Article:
Torn up track hurts team

Team anticipates renovations


Tyler Eoff

The track team warms up April 13. The team is unable to host meets this season.

Anya Panday and Alicia Mainjeni

In recent years, Park’s track team has struggled with having an outdated track. Due to the age of the track, the quality has reduced to the point where the team can no longer hold home meets. However, after a bond referendum, passed in 2023, Park is gearing up for a brand new track next school year.

Head boys’ coach Kelson Mackenzie said he’s optimistic about getting a new track that is on the same level as other schools.

“As far as getting a new track I’m really excited,” Mackenzie said. “First and foremost it gives us something to feel proud of that we have a facility that’s more on par with our competitors.”

According to sophomore Meghan Knight, she’s anticipating more effective workouts on the new track.

“(I’m expecting) more comfort and the workouts are going to be a lot better,” Knight said. “We will be able to have more diverse workouts and not have athletes being injured due to shin splints.”

According to Mackenzie, the process of approving the bond referendum was complex, and the track coaches are all thankful for the public’s support.

“The general public who passed the bond referendum and voted ‘yes’ were the ones who helped allocate the money for the new track facility,” Mackenzie said. “There’s a lot of politics involved in that and the track coaches are grateful, I know it wasn’t an easy decision.”

Especially with a new track, it will be smoother for everyone and more people will be able to compete in different things, have more diverse workouts and enjoy practice more.”

— Meghan Knight

Junior Ronan Guevera said the conditions of Park’s current track make the warm-up process for athletes challenging.

“The track right now is really bumpy and outdated so it will be nice to get a new track,” Guevara said. “Having turf in the middle would be nice because it’s hard to run with spikes on grass — it’s just not a good combination. It would be much easier to warm-up with spikes on the turf.”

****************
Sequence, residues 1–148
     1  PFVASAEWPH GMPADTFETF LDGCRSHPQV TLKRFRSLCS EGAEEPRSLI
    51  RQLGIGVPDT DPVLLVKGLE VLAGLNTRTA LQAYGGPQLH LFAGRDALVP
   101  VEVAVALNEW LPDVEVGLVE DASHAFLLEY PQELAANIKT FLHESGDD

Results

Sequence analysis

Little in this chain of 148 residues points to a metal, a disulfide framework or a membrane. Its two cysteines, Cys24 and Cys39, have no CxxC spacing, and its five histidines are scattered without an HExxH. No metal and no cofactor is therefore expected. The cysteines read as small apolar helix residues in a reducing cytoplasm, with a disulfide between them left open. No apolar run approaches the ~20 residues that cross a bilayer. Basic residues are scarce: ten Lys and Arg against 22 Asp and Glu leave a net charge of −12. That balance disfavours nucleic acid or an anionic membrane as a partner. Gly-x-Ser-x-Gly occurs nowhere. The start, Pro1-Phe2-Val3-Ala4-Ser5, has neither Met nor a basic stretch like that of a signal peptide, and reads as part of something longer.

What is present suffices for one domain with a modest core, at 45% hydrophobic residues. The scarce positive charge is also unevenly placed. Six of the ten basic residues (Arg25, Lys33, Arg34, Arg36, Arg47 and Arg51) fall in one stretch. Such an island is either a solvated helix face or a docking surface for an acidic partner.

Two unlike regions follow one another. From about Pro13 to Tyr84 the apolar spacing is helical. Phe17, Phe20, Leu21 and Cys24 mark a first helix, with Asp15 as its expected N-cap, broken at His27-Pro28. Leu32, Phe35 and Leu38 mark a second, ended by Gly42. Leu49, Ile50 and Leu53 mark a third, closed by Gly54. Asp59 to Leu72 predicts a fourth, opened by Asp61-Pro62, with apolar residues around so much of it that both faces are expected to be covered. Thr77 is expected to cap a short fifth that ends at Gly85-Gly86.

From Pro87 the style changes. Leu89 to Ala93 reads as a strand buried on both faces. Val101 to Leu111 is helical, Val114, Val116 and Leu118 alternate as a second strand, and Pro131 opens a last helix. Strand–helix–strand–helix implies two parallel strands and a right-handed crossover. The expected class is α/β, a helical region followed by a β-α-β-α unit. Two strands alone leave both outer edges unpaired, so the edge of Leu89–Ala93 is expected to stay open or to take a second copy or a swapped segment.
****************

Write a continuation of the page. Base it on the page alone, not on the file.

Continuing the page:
Track and Field offers different athletic opportunities within the sport. Knight said having a new track will allow for more fulfilling practice time.

“Especially with a new track, it will be smoother for everyone and more people will be able to compete in different things, have more diverse workouts and enjoy practice more,” Knight said.

According to Guevera, the quality of the track does not impact all of the athletes but some aspects of the track are probable safety hazards.

“The track doesn’t impact me a ton but there are a lot of bumps on the track, which is an injury concern,” Guevara said. “If you’re running at full speed and hit a bump, that’s obviously unsafe.”

Mackenzie said the Park track team is built on a powerful foundation and their performance at meets is a reflection of that.

“Our team is wonderful and is built on a strong work ethic with people who want to compete and want to be here and our facilities will then want to reflect that desire from the team,” Mackenzie said.

Track’s next meet is 4:15 p.m. April 14 at Robbinsdale Armstrong High School.